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What Is Cheddar Ale Soup?

Sara Schmidt
By
Updated May 17, 2024
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Also known as cheddar beer soup, cheddar ale soup is a creamy yet hearty warm soup that makes a perfect winter meal. The soup is made from cheddar cheese, ale or any other type of beer preferred, and milk or cream. Various spices and vegetables may also be included depending upon the recipe.

Cheddar ale soup is a favorite dish from New England, though it can be found widely across the United States. A malty ale is suggested for the best flavor. Any cheddar cheese should work in the soup, though a full-flavored cheddar cheese that has been allowed to flavor for a full year or more is generally considered best.

In addition to milk or cream, other wet ingredients are usually needed. Chicken broth is one of the most common ingredients. Low-sodium chicken broth may also be used for healthier recipes. Cooking oils, such as extra virgin olive oil, may be called for. Water is usually added to the smooth, cheesy soup as well.

Other ingredients in the soup might include butter, dry mustard, and Worcestershire sauce. Various herbs and spices, such as bay leaves, may be called for. Garlic is usually included in the soup, too. Various restaurants may include their own spicy spins on the recipe, such as adding cayenne pepper for heat, or a smoked cheddar cheese for another layer of flavor.

Most cheddar ale soup recipes include vegetables, too. Any root or readily available fall favorite vegetables can be used in the soup. Traditional ingredients, however, include carrots, onions, and celery. Scallions may also be added. Potatoes can add an even heartier element to the soup if desired.

All vegetables should be cleaned well prior to be used in cheddar ale soup. Most soups call for dicing the vegetables into small cubes, though some cooks prefer larger chunks of potato in their soup. Many recipes advise that the vegetables be cooked well prior to creating the rest of the soup. This will ensure tender, softer elements that will help create a richer soup.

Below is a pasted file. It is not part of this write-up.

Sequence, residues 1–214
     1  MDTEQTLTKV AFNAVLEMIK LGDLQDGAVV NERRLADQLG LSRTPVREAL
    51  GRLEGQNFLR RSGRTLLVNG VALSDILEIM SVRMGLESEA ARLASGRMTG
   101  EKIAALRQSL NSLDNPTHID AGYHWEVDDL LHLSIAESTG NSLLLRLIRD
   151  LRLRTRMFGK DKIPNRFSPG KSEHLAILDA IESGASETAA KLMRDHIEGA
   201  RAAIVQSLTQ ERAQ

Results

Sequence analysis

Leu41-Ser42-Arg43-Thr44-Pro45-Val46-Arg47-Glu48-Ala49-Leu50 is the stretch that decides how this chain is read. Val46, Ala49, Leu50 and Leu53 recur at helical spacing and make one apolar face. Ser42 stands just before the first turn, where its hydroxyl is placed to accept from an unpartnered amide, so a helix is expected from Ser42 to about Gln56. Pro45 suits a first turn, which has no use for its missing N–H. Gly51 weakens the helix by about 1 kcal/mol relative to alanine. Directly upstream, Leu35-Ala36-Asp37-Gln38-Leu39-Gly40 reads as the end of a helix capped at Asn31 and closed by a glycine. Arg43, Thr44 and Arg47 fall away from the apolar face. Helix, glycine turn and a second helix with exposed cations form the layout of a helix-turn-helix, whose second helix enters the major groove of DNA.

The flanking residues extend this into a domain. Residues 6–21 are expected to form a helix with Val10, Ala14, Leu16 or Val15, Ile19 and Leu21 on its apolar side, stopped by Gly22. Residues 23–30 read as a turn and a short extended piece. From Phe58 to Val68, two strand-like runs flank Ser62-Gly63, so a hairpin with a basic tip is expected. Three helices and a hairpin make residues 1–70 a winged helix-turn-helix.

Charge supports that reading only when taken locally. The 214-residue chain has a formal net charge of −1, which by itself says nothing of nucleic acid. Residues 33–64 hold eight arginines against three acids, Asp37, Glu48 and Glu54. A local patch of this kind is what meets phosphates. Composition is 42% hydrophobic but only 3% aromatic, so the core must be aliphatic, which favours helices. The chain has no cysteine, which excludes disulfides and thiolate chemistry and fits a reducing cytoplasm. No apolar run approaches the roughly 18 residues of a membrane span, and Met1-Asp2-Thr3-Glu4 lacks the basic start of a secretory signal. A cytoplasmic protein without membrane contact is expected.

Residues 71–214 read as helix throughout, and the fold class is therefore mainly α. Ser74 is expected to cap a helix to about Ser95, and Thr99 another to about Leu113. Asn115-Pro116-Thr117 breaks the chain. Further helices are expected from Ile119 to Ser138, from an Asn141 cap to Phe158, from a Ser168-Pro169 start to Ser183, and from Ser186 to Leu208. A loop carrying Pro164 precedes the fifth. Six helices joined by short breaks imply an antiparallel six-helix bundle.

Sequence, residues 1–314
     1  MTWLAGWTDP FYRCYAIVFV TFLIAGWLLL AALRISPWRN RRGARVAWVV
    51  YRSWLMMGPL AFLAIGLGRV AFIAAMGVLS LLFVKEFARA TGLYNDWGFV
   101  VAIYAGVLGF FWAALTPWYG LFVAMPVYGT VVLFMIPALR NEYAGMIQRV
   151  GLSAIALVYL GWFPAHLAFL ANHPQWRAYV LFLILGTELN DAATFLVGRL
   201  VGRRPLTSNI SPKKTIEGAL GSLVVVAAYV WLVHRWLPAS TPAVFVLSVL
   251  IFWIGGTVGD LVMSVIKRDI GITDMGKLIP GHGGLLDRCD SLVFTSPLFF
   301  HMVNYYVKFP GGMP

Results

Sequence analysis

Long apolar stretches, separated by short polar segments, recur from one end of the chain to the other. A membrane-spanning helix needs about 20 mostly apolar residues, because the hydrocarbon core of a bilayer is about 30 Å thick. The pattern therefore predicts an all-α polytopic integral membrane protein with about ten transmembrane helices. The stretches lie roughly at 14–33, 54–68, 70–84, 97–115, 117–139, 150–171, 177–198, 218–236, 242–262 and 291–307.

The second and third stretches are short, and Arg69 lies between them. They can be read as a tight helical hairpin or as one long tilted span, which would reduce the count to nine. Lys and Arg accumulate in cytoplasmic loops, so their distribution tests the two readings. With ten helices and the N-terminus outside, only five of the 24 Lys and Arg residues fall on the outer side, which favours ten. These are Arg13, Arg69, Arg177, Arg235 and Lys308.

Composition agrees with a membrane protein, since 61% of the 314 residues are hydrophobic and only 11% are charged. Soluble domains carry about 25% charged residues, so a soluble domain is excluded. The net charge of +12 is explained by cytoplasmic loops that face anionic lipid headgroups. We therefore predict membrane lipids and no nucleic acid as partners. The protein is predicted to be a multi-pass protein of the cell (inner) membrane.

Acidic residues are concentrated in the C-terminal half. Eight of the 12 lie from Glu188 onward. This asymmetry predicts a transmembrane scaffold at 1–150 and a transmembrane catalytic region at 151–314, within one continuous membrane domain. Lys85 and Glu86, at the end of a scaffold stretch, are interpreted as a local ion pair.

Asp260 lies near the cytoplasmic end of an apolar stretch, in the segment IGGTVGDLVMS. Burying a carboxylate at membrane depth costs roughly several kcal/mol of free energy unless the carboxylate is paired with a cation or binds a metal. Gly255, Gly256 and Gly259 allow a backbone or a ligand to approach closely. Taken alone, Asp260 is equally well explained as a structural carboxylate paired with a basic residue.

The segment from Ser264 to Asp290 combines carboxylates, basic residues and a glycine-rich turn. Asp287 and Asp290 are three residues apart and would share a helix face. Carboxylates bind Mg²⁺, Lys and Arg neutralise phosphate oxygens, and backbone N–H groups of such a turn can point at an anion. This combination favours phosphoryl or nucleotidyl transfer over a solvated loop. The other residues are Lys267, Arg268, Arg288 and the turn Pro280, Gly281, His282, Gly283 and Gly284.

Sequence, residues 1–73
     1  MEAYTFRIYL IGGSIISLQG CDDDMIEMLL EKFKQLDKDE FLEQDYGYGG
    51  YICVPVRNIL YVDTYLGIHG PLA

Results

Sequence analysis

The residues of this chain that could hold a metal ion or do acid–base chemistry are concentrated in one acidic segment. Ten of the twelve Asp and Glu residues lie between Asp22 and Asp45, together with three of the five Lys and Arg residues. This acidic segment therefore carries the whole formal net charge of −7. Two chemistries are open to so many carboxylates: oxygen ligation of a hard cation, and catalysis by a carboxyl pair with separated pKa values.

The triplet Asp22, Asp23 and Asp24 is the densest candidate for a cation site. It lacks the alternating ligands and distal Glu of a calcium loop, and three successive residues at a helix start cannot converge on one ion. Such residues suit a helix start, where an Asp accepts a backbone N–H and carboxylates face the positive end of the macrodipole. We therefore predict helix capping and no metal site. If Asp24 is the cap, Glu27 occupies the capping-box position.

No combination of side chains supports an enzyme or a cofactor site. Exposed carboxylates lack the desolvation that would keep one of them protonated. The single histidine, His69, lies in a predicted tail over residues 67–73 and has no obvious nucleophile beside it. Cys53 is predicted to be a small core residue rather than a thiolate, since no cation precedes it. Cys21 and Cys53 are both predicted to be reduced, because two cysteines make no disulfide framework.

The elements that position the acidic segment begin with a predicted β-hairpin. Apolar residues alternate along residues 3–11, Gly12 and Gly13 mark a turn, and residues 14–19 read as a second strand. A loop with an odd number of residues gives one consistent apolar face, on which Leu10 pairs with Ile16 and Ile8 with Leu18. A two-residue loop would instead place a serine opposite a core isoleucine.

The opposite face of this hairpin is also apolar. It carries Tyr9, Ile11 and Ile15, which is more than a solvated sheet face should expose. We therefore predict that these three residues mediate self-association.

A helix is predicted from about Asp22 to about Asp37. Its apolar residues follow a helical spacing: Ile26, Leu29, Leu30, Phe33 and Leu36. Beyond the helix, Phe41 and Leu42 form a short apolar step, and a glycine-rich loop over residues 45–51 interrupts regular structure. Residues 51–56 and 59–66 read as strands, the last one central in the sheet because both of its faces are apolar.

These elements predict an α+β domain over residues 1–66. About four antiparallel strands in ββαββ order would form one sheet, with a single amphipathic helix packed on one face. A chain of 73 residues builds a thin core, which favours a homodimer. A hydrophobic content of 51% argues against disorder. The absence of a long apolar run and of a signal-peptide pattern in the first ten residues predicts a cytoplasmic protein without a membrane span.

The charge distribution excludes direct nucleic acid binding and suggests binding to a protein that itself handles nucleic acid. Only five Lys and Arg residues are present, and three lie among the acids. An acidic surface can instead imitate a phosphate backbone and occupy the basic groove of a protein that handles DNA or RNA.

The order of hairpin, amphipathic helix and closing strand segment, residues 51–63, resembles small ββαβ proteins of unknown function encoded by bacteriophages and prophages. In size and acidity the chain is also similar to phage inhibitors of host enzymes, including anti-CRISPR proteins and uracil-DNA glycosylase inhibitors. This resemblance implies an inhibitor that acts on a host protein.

Meat is typically not included in this soup. Bacon, however, may be cooked within some recipes. If used, real, fresh bacon is recommended rather than imitation bacon pieces to ensure the best taste. A complete bowl of cheddar ale soup may be garnished with bacon, scallions, or any other spice preferred. Sour cream is another favorite garnish, as are croutons or crackers.

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Sara Schmidt
By Sara Schmidt
With a Master's Degree in English from Southeast Missouri State University, Sara Schmidt puts her expertise to use by writing for WiseGeek, plus various magazines, websites, and nonprofit organizations. She published her own novella and has other literary projects in the works. Sara's diverse background includes teaching children in Spain, tutoring college students, running CPR and first aid classes, and organizing student retreats, reflecting her passion for education and community engagement.
Discussion Comments
By ZsaZsa56 — On Jan 15, 2012

I like to eat cheddar ale soup with a big hunk of crusty white bread. When you dunk the bread in the soup the soup soaks into the dry bread and softens the crust. Taking a bite of it is like eating a gooey, hearty cheesy miracle.

By summing — On Jan 14, 2012

I would like to make cheddar ale soup but I am not quite sure which ale would be the best for the soup. When I am drinking beer I like something very light, a pale ale or a wheat beer. But maybe this would just get lost under the cheddar flavor. Maybe I should use something darker or with more of a hoppy flavor. Has anyone made a lot of this kind of soup before? What ale do you use?

By chivebasil — On Jan 13, 2012

I absolutely love cheddar ale soup. As a matter of fact, I probably like it too much. If you put me in front of a pot of it I could probably eat the whole thing and want more. It has not been so good on my waistline, that cheddar ale soup.

But I try to limit myself to one bowl of it a month. I usually wait for a night when it is cold or raining out and I go to a pub around the corner from me that makes a great version. I get a pint and a big bowl and smile a huge smile. This is the definition of comfort food.

Sara Schmidt
Sara Schmidt
With a Master's Degree in English from Southeast Missouri State University, Sara Schmidt puts her expertise to use by writing for WiseGeek, plus various magazines, websites, and nonprofit organizations. She published her own novella and has other literary projects in the works. Sara's diverse background includes teaching children in Spain, tutoring college students, running CPR and first aid classes, and organizing student retreats, reflecting her passion for education and community engagement.
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